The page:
hamstring the franchise, even if some of the choices look poor in retrospect.

If I absolutely had to give Roseman a grade, I would give
him an incomplete – not because his moves merit that, mostly because I can’t
tell for which moves he was actually in charge. Thankfully someone else can.

“I keep voluminous notes on talent
evaluation on not just who we draft, but who is valued in each draft by each
person that is in the organization that’s working here. I came to the
conclusion that the person that was providing by far the best talent evaluation
in the building was Howie Roseman.”

That’s Lurie a few weeks ago, and he’s either delirious, or
Howie is doing a good job. It may be hard to believe, because he’s the youngest
GM in the NFL at only 37 years old, and has no “football background” – as if
working for the Eagles for over a decade, much of that at the foot of Banner no
less, was completely worthless experience.

Look around. There is no more Banner or Reid. This
organization has been in the process of systematically dissolving every remaining
link to the last great period in franchise history for the past four years,
except Roseman. There must be some reason for that, no?

I can’t pretend to be able to explain why that is. I can
only tell you Howie Roseman is definitely the captain of this ship from this
point on, and he should be evaluated not based on the past few seasons for
which we haven’t a clue as to his level of involvement, but instead for whatever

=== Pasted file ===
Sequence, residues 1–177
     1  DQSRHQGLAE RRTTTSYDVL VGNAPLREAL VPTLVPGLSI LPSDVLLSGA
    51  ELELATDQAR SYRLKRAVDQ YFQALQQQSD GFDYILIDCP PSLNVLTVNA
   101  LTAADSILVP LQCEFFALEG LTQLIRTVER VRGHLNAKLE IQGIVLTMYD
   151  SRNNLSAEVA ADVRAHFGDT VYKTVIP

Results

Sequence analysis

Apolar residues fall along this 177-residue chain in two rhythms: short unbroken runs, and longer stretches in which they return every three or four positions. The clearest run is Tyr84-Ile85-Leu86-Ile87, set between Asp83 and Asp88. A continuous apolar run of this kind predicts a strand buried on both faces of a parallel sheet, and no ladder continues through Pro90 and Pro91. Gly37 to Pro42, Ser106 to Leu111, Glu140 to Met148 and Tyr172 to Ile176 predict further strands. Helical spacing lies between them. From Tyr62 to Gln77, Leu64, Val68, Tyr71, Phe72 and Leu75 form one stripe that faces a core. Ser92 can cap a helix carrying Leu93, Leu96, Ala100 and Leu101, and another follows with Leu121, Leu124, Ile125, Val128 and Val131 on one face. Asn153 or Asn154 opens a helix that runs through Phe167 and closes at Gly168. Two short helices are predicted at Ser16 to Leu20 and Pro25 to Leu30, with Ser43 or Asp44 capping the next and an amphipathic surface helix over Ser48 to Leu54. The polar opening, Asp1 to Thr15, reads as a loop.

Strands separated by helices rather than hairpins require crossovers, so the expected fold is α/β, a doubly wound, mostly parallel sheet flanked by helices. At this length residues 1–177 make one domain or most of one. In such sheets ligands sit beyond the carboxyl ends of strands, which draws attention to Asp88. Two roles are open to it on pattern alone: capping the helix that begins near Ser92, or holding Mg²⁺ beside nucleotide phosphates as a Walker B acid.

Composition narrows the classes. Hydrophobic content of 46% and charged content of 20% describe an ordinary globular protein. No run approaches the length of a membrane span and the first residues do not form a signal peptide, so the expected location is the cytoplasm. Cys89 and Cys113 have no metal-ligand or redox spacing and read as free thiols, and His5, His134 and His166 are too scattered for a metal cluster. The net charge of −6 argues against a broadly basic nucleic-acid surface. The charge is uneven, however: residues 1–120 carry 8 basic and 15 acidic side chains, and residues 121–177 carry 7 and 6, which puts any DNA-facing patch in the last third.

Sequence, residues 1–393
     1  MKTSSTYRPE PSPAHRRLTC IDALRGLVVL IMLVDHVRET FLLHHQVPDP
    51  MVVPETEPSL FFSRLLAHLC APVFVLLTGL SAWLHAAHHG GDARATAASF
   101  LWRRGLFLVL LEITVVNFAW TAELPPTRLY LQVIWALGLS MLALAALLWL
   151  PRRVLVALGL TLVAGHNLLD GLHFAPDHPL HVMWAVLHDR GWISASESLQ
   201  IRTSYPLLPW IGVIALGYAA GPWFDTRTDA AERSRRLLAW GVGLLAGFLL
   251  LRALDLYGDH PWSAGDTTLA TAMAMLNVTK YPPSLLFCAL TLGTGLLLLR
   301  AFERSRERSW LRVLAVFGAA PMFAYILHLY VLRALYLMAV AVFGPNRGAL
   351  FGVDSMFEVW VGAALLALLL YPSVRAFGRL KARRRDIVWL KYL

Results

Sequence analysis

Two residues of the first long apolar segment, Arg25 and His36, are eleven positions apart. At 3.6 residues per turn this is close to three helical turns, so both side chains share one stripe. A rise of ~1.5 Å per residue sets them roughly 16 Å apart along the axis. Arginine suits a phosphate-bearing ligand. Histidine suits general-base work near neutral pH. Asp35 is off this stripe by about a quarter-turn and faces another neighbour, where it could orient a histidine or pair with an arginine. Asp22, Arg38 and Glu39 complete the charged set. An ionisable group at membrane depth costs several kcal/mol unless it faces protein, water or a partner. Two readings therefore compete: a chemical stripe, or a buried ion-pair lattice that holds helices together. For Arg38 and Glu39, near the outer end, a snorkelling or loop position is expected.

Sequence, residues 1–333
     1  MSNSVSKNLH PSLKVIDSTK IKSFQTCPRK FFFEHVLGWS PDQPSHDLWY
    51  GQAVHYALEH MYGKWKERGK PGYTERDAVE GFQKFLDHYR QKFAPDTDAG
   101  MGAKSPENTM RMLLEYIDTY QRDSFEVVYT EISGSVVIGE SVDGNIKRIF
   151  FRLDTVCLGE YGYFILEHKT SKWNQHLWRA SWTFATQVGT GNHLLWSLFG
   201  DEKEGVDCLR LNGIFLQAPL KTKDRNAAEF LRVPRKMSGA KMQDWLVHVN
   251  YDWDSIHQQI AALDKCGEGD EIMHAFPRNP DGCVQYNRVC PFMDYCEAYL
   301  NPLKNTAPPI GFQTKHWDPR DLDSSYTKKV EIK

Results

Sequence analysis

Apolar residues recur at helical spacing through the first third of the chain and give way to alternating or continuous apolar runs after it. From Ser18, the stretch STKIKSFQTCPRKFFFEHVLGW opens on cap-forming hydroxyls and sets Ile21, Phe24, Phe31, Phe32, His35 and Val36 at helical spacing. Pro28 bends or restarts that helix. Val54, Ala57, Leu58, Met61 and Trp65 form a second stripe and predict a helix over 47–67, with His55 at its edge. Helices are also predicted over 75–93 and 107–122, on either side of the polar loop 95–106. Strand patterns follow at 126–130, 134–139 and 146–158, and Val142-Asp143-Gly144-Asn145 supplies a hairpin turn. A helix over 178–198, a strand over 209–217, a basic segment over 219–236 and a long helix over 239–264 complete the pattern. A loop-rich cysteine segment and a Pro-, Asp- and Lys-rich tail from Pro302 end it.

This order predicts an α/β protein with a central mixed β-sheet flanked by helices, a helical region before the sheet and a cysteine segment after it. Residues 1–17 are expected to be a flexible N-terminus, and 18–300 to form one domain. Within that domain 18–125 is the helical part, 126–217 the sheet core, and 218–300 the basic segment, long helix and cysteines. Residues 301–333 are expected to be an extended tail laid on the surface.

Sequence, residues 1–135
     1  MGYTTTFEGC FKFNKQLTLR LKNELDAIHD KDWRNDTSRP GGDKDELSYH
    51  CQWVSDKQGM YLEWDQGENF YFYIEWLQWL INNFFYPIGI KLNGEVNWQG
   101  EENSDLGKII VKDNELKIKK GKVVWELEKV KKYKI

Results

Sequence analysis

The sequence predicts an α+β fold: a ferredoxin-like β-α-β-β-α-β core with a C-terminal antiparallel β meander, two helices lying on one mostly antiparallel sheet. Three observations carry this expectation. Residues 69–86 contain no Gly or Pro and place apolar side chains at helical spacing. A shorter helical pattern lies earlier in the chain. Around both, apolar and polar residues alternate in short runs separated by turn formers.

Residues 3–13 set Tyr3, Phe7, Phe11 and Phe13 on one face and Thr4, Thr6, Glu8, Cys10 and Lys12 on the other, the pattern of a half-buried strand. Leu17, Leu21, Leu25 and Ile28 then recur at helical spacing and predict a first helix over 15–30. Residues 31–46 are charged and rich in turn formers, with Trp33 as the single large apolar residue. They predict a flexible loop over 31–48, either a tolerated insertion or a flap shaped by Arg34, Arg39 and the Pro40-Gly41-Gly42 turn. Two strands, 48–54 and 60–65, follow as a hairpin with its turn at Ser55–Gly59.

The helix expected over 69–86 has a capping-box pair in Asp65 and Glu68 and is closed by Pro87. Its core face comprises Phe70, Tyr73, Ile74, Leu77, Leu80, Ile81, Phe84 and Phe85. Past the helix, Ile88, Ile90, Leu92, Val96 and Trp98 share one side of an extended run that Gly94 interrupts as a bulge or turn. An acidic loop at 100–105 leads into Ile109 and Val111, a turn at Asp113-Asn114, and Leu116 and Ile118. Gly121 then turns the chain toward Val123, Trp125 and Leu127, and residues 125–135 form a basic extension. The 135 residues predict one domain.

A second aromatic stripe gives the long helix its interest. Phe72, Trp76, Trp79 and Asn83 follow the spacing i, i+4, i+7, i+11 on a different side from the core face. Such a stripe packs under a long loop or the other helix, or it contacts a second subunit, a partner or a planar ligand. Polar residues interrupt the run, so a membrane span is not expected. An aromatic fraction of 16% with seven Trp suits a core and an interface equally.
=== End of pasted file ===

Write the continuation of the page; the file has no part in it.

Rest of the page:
he does going forward.

That is now that we finally know where everything stands.

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Browns WR Josh Gordon reinstated by NFL after missing all of 2015

Browns WR Josh Gordon reinstated by NFL after missing all of 2015

CLEVELAND — Josh Gordon's curious and complicated career has taken a new turn.

He's getting yet another chance.

The talented but troubled wide receiver has been reinstated on a conditional basis by NFL Commissioner Roger Goodell, who met face to face with Gordon last week and said he believes the 25-year-old can "make the right choices" going forward.

Gordon has been banned since February 2015 for multiple violations of the league's drug policies. He will be suspended for the first four games of the 2016-17, but he's allowed to join the team in its upcoming training camp and can participate in meetings and conditioning work. The league said once Gordon meets clinical requirements, he can take part in preseason activities, including practices and games.

It's a fresh start for Gordon, who emerged as one of the league's rising stars in 2013 before several missteps led to his banishment.

As long as he stays clean, Gordon, who met with Goodell in New York on July 19, is eligible to return to the team on Oct. 3. During his four-game suspension, Gordon may participate in team meetings and other activities but can't practice or play in games.

Gordon was suspended 10 games in 2014 and the entire 2015 season for substance violations, a pattern that began during his college career at Baylor and Utah. He was denied reinstatement in April after failing a drug test because of samples that also tested positive for marijuana.

In a letter to Gordon, Goodell made it clear the onus is on the 25-year-old former Pro Bowler to stay clean.

"As we discussed at our (July 19) meeting, as Commissioner, I want nothing more than to see you turn your circumstances around and succeed," Goodell said. "Countless others including your agent, teammates and coaches, (owner) Jimmy Haslam and the leadership of the organization, the Program professionals and Jim Brown also have pledged to provide you with every resource at their disposal. But as you acknowledged, ultimately, your future is your responsibility. I have every belief that you can make the right choices, but it will be up to you to do so."

The Browns open training camp on Friday under first-year coach Hue Jackson, who has mostly steered clear of discussing Gordon or his future.

The team has not yet commented on Gordon's conditional reinstatement.